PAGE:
12 July 2021
A shift in perspective, much like the one that led Nicolaus Copernicus to enunciate his heliocentric model in 1543.
When Sentinel-1A lifted off from the launch pad of the European spaceport of Kourou in French Guiana, it was already clear that the Copernicus programme, coordinated by the European Commission, would represent a breakthrough in the fight to protect the Earth.
That infrastructure that, just as happened with Galileo, did not belong to any state but to the European Union as a whole.
Six families of satellites, "Sentinels" in fact, with the aim of studying the planet, monitor the most fragile areas such as seas and glaciers, obtain data on changes taking place and allow timely interventions in case of emergencies. No country has ever realized an Earth observation program so ambitious and complete.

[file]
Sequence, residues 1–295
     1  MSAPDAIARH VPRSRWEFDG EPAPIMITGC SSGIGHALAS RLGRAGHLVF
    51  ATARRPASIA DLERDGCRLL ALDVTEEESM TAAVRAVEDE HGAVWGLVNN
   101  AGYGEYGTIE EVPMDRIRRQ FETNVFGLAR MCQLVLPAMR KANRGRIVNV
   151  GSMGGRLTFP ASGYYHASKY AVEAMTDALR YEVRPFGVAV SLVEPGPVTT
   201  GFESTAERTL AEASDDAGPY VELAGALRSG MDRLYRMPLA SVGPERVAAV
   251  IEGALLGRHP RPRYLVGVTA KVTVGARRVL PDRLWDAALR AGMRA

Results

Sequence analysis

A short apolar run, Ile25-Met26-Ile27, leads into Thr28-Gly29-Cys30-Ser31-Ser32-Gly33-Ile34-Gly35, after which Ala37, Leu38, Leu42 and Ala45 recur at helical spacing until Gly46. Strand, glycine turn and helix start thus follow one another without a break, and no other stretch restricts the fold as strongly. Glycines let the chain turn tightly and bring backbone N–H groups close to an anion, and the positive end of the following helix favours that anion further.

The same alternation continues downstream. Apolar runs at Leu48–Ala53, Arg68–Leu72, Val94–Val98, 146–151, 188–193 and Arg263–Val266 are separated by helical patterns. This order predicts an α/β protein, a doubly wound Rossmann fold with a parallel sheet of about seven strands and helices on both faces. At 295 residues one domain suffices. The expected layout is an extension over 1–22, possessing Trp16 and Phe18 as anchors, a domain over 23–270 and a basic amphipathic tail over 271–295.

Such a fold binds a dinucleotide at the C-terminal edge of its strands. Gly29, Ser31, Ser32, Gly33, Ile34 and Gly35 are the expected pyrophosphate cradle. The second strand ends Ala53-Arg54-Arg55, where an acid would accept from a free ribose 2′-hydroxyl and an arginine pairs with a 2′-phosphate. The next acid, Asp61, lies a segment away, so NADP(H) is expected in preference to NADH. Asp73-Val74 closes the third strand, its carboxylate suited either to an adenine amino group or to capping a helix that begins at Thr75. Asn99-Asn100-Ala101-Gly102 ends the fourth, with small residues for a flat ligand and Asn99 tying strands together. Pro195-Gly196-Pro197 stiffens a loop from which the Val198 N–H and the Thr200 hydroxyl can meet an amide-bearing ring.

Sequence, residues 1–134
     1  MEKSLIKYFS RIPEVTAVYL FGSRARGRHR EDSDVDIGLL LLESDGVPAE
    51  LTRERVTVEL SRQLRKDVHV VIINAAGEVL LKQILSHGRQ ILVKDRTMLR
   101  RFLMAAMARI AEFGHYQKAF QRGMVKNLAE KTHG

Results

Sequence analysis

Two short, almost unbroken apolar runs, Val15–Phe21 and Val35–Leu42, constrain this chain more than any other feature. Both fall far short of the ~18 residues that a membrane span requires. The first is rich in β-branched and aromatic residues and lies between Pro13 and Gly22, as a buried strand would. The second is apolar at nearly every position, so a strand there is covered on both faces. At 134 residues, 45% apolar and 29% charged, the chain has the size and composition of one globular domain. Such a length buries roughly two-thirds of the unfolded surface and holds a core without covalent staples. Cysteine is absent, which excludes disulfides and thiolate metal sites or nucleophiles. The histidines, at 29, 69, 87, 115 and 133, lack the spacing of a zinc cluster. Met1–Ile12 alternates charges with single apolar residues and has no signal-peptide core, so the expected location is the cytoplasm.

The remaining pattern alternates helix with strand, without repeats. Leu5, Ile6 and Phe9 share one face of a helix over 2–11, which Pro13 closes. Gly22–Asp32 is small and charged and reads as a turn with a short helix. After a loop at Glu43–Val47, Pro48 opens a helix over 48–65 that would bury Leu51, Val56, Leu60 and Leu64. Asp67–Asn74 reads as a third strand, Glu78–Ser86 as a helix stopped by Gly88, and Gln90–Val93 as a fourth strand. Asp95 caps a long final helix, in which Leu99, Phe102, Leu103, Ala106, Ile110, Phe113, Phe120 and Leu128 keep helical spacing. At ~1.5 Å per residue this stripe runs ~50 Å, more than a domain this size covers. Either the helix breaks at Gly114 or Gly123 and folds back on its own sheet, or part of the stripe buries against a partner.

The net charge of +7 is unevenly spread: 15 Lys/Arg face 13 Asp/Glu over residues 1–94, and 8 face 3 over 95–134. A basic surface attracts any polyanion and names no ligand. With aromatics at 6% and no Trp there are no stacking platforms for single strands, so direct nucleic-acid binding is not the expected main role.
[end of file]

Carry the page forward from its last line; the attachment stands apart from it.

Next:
Artist view of Sentinel-1 (Credits: ESA)
Telespazio stands out as one of the main industrial partners of the program.
The company contributes to the development of the ground segment and operations; it operates (through its subsidiaries e-GEOS, GAF and Telespazio UK) in emergency management, land and maritime security, land resource management and climate change monitoring; it provides the Copernicus program with Earth observation data from the COSMO-SkyMed and IRS missions.
In particular, since 2012 the e-GEOS Matera Space Center is one of the three stations of the Copernicus Core Ground Segment and receives radar and optical data acquired by the Sentinel-1 and Sentinel-2 missions.
An aerial view of the Matera Space Center.
Today, the data from the Copernicus constellation are essential to the construction of the Digital Twin Earth, a predictive model that thanks to artificial intelligence and machine learning will be able to prevent natural disasters and assess the impact of environmental policies even before they are implemented.
The next step towards a sustainable future.